3

I currently have the output of a log, like the following.

20200124_075926.795633 [24_1859] [ERROR  ] [PID] error running program:
...
...
actual error message from n lines below
...
20200124_075929.261693 [24_1859] [INFO   ] [PID] blah
20200124_075929.374937 [24_1859] [PERF   ] [PID] blah blah
20200124_075930.660998 [24_1859] [ERROR  ] [PID] some error:
20200124_075956.793528 [24_1859] [ERROR  ] [PID] error running program:
...
...
actual error message from n lines below
...

I am currently using the following to output lines of a log that contain error and fatal messages, striping the first two columns that contain a timestamp.

awk '/\[[FATAL|ERROR].*] \[.*\]/ { print substr($0, index($0,$3)) }' filename

This produces the exact results I want (at least to summarise count occurrences).

[ERROR  ] [PID] error running program:
[ERROR  ] [PID] some error:
[ERROR  ] [PID] error running program:

Now I want to extend this to include the text for a line that was matched in the above IF the line contains the second pattern.

For example, if the line from the first pattern also contains "error running program" then include the line n lines below. Else print line and keep going.

[ERROR  ] [PID] error running program: actual error message from n lines below
[ERROR  ] [PID] some error:
[ERROR  ] [PID] error running program: actual error message from n lines below
5
  • 3
    Welcome to the site. I think your awk command contains a flawed regular expression, although it seemingly works because of the limited possibilities for the "severity" tag of your log lines. You use [FATAL|ERROR] to indicate that you want to match either the string FATAL or ERROR in the square brackets. However, [...] defines a character list, so your usage would mean "match any string starting with [, followed by any of F,A,T, |,E,R or O. It works here, but string alternatives should, if at all, be placed in round braces as in (FATAL|ERROR).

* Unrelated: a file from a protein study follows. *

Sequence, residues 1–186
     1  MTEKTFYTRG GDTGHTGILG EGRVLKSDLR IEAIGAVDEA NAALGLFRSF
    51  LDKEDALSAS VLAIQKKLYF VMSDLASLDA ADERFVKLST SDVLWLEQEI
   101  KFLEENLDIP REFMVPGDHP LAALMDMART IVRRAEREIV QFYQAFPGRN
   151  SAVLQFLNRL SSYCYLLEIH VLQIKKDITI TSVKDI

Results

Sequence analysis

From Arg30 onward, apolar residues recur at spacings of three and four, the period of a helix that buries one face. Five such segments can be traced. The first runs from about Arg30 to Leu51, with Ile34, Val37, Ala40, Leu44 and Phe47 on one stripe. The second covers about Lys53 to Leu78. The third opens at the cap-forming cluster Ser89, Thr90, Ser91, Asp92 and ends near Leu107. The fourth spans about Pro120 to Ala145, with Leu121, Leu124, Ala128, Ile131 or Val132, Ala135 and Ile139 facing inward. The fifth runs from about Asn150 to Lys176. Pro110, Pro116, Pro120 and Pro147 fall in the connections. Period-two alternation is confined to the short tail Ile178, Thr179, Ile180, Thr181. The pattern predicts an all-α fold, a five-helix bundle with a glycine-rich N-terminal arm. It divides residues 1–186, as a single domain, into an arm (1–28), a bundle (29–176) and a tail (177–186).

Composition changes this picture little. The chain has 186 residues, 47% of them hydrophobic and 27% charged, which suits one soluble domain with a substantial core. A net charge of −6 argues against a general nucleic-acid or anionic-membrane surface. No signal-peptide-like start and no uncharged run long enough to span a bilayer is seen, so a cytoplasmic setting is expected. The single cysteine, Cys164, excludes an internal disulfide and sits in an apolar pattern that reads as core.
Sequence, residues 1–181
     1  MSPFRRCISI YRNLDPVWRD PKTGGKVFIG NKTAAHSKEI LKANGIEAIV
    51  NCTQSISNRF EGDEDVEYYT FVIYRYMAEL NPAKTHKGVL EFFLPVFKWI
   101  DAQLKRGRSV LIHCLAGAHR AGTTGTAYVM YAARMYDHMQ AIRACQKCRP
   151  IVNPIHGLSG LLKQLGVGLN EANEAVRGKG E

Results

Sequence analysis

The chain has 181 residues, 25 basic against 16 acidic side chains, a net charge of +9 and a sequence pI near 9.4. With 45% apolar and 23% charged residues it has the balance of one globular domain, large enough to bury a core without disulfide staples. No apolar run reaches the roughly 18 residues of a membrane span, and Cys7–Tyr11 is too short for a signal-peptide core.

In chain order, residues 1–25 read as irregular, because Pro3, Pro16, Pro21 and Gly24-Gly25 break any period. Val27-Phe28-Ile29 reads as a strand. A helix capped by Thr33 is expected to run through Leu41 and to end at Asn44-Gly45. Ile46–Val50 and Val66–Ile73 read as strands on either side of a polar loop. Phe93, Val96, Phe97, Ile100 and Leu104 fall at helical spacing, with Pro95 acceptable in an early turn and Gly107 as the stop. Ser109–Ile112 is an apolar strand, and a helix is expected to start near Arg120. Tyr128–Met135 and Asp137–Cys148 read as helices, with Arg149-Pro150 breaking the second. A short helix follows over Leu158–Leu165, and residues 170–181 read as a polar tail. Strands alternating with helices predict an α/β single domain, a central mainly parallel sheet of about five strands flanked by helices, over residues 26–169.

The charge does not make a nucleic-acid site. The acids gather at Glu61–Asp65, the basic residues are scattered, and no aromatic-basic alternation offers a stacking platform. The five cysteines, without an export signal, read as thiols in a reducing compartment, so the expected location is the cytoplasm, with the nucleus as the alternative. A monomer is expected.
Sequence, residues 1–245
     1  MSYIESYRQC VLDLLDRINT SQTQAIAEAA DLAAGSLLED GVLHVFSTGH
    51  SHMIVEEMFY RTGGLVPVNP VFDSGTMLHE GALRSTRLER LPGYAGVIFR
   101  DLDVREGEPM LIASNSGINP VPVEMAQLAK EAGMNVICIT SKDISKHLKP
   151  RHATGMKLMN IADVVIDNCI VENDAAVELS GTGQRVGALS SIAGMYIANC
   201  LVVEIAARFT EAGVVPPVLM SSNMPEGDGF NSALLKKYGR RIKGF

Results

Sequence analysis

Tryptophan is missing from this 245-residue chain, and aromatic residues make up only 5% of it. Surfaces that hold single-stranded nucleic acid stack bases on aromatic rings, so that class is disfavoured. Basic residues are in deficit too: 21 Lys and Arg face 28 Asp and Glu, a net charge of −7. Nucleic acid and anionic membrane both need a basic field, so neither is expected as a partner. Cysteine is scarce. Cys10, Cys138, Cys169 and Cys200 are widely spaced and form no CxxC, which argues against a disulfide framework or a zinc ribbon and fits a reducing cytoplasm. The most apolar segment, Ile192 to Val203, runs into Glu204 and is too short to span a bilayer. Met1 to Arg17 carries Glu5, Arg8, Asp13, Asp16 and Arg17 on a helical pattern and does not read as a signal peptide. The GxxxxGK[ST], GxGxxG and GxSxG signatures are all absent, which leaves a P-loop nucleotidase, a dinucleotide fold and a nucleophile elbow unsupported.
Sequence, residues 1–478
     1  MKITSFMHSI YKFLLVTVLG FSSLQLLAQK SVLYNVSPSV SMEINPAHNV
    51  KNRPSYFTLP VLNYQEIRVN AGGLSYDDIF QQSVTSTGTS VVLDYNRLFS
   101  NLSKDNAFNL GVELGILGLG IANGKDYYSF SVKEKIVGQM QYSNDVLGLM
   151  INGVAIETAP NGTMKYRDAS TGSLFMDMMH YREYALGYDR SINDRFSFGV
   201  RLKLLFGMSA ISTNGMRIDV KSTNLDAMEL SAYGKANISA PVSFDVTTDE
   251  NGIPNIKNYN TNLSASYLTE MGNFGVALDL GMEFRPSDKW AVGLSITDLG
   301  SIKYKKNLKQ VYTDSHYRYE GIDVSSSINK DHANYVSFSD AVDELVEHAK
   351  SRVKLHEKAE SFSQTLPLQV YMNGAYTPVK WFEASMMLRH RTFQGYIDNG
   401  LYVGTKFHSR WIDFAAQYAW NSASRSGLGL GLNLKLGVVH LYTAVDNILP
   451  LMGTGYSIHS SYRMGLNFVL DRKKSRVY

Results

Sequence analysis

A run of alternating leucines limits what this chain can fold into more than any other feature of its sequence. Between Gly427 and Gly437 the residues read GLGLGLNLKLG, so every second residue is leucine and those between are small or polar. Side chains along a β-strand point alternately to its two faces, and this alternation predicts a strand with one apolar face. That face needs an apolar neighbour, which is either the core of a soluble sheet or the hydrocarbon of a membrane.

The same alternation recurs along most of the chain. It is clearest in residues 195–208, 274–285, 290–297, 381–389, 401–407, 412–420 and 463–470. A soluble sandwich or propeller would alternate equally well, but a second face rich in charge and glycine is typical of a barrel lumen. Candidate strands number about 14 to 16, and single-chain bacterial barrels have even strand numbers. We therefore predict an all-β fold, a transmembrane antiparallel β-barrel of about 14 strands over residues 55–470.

– AdminBee
    Commented Jan 24, 2020 at 8:34
  • To clarify the strings FATAL or ERROR may be found elsewhere in the line. What I'm looking for is the string beginning with [ containing the string FATALor ERROR and ending with ] . But I'll amend the command and verify if still works.
    – nassbar
    Commented Jan 24, 2020 at 9:18
  • The condition of the string FATAL or ERROR being between [ ... ] is already provided for by your specification of \[ before your alternative, so replacing the [ ... ] around the alternative with round braces will not break the correct operation.
    – AdminBee
    Commented Jan 24, 2020 at 9:36
  • Question for clarification: Is the "actual error messages from n lines below" also preceded by the <timestamp> ... [PID] fields on each output line, and do you want to squash all of these output lines into one for the "summary output"?
    – AdminBee
    Commented Jan 24, 2020 at 10:10
  • The lines are not proceeded by <timestamp> ... [PID] the lines themselves are output of a subcommand which contains several lines of meta content, but also the error output of the command executed. I only need the error message itself, which is always a set number of lines below the initial log message.
    – nassbar
    Commented Jan 25, 2020 at 0:30

1 Answer 1

2
$ cat tst.awk
{
    sub(/\r$/,"")
    txt = substr($0, index($0,$3))
}
/\[(FATAL|ERROR)[^]]*] \[.*]/ {
    if ( /error running program:/ ) {
        pfx = txt OFS
        cnt = 4
    }
    else {
        cnt = 1
    }
}
cnt && !--cnt { print pfx txt; pfx="" }

$ awk -f tst.awk file
[ERROR  ] [PID] error running program: message from n lines below
[ERROR  ] [PID] some error:
[ERROR  ] [PID] error running program: message from n lines below
1
  • 1
    Thanks. Worked like a charm!
    – nassbar
    Commented Jan 25, 2020 at 10:50

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